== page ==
• (2014), “Le missive precarie di Alighiero Boetti,” volume on precariousness edited by Monica Jansen and Silvia Contarini. Verona: OmbreCorte
  • (2014) “Search for a Language: Response to Ian Baucom,” invited respondent to essay by Ian Baucom, “Postcolonial Method and Anthropocene Time,” in Cambridge Journal of Postcolonial Literary Studies, eds. Debjani Ganguly, Ato Quayson, Neil ten Kortenaar.
  • (2014), “Silent Running: Notes for The Remake,” special issue of Yearbook of Comparative Literature, edited by Paul North and Eyal Peretz on “Ideas of Nature.”
  • (2014) “Risk,” essay for Fueling Culture: Politics, History, Energy, Ed. Imre Szeman, et. al. forthcoming from Fordham University Press.
  • (2013)“Thinking Diverse Futures from a Carbon Present,” Symploke vol. 21, nos. 1-2 (special issue on Critical Climate).
  • (2012) “Hybrid Futures from a Carbon Present,” Symploke vol. 21, no. 1 (special issue on Critical Climate–forthcoming)
  • (2012) “Ambiguity, Ambience, Ambivalence, and the Environment,” Common Knowledge 19:1 (December) (Symposium: Fuzzy Studies, Part 4), pp. 88-95
  • (2012) “Nature (of Betrayal),” New Centennial Review 12.1 special issue on Betrayal, editors Richard Block and Michael du Plessis
  • (2012) “Selling Gasoline in Autarchic Italy,” in Figura umana. Normkonzepte der Menschendarstellung in der italienischen Kunst 1919-1939. Eckhard Leuschner, ed. Petersberg: Michael Imhof Verlag: 151-160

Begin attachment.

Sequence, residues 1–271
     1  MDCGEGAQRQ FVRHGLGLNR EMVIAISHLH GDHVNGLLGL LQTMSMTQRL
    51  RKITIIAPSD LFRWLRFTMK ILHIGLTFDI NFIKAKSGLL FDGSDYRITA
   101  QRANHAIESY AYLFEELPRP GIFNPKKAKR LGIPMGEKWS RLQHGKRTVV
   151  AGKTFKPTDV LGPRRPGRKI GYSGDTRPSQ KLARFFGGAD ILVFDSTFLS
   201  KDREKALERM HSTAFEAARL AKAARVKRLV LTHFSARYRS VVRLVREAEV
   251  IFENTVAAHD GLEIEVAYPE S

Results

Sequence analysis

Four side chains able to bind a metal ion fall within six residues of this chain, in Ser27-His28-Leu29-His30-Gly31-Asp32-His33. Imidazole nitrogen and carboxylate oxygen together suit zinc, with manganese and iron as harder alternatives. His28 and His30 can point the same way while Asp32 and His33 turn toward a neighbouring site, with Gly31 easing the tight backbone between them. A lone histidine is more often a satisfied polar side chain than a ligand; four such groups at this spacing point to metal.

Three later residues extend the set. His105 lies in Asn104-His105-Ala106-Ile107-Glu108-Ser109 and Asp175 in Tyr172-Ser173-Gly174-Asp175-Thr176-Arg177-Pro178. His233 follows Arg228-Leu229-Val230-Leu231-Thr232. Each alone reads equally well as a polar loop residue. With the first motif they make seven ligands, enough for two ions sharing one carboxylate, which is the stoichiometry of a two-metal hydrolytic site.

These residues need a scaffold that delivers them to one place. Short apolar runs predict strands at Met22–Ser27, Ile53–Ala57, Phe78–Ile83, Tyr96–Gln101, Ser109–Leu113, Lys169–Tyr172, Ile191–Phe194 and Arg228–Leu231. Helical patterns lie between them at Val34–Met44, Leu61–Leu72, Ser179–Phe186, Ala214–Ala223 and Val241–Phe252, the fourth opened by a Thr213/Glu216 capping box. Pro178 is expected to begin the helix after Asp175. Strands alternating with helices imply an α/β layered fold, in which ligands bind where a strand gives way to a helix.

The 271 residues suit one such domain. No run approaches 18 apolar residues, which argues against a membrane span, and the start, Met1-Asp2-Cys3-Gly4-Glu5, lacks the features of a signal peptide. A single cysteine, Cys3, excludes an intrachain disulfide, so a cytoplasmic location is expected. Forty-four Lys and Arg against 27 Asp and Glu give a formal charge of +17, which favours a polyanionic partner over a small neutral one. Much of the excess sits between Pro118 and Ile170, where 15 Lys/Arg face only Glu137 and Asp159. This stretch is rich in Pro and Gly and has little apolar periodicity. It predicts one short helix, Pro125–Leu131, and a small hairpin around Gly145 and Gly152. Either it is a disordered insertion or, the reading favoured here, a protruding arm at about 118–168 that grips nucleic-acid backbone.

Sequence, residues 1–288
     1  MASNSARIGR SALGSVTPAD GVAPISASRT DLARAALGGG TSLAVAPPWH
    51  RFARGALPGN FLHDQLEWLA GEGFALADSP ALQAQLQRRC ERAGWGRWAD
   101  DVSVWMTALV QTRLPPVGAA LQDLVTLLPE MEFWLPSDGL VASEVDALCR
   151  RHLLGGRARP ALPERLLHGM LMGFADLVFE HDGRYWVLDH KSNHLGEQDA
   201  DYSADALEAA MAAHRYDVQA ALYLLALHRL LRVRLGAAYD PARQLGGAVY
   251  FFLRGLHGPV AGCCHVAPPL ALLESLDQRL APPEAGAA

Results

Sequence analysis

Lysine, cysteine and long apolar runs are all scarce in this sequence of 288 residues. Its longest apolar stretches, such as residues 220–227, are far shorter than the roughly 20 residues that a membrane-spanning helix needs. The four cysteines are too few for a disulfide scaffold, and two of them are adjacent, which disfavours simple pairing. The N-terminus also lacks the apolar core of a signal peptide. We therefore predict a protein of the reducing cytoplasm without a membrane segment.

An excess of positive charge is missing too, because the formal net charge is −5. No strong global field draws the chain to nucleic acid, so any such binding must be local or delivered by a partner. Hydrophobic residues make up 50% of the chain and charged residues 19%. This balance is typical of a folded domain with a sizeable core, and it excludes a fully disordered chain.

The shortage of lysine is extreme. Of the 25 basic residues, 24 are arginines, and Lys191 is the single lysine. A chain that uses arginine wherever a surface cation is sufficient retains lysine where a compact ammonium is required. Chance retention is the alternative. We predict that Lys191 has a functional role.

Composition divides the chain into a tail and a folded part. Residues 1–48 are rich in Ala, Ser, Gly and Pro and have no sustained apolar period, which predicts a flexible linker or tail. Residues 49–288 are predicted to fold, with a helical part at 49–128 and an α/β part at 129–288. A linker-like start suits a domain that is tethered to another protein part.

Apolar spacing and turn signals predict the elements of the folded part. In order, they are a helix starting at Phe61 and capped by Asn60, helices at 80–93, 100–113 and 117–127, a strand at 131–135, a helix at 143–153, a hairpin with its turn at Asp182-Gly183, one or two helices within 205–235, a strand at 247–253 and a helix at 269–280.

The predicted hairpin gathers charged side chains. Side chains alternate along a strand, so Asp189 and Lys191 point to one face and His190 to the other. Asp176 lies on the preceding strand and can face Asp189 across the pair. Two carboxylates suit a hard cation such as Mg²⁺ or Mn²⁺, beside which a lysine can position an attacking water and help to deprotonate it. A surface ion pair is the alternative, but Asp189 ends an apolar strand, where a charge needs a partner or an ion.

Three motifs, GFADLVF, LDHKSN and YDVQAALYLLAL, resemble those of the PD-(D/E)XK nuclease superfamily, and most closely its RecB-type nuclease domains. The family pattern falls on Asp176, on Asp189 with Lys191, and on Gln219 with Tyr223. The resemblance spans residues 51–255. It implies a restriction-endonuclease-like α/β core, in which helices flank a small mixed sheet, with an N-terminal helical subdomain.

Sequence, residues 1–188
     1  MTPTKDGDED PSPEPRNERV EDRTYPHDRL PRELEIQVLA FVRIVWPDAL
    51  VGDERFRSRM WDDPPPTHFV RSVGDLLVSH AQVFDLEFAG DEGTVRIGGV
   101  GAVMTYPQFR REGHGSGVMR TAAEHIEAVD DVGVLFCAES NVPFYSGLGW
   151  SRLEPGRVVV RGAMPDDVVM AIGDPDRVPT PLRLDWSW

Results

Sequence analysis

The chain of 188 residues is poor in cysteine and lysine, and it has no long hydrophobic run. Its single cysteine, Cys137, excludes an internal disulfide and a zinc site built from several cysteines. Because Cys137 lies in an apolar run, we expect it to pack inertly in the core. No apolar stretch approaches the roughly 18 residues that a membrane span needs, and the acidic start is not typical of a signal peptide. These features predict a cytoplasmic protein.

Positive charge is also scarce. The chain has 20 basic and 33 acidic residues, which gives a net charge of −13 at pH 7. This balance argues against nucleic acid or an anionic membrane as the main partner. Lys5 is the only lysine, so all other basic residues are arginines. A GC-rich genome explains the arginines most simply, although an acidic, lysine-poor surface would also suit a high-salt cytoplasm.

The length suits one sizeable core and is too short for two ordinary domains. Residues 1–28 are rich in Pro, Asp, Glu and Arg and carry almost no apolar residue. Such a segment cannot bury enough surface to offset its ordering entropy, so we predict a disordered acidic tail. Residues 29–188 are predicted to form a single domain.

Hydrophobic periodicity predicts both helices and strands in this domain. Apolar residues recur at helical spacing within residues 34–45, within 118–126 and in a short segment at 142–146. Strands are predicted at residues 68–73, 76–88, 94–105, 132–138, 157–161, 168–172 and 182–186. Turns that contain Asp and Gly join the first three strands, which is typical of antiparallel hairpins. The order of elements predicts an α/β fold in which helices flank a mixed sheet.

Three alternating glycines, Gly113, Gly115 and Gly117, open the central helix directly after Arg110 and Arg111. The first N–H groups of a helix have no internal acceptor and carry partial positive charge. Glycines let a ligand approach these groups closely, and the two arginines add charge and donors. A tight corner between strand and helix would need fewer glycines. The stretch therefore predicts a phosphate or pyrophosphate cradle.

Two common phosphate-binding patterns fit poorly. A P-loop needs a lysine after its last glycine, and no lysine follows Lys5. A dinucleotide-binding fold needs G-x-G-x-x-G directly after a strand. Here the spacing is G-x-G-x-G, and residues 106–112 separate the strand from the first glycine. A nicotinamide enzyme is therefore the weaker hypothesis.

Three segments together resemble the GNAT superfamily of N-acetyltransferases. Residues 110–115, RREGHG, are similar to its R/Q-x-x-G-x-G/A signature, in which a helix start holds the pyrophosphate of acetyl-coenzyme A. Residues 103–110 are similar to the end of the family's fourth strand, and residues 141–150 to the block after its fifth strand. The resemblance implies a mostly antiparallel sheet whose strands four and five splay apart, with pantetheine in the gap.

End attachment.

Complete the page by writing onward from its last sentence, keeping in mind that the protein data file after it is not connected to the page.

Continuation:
• (2012) “Dematerialization from Arte Povera to Cybermoney through Italian Thought,” diacritics, vol. 39.3 (2009), 65-77
  • (2011)  “Antonioni, Cinematic Poet of Climate Change,” in Antonioni, Centenary Essays, edited by John David Rhodes and Laura Rascaroli.  London: Palgrave MacMillan, 2011
  • (2011) “The Risks of Sustainability,” in Criticism, Crisis, and Contemporary Narrative. Textual Horizons in an Age of Global Risk, editor Paul Crosthwaite. London: Routledge, 2011, pp. 62-80
  • (2010) “Sustainability: a Dialogue with Images,” with Cameron Tonkinwise, World Picture Journal (December)
  • (2010) “Carbon Management: A Gift of Time?” Oxford Literary Review 32 (July), 51-70
  • (2010) “At the End: Cinema After Climate Change” (Udine Permanent Film Studies Conference Proceedings)
  • (2010) “The Rome of Pasolini’s Petrolio,” with Paolo Matteucci, Annali d’talianistica (special double issue on Rome)
  • (2008) “Nothing From Nothing: Alchemy and the Economic Crisis,” World Picture Journal (November)
  • (2008) “On Cars, Climate and Literary Theory,” Technology and Culture (October)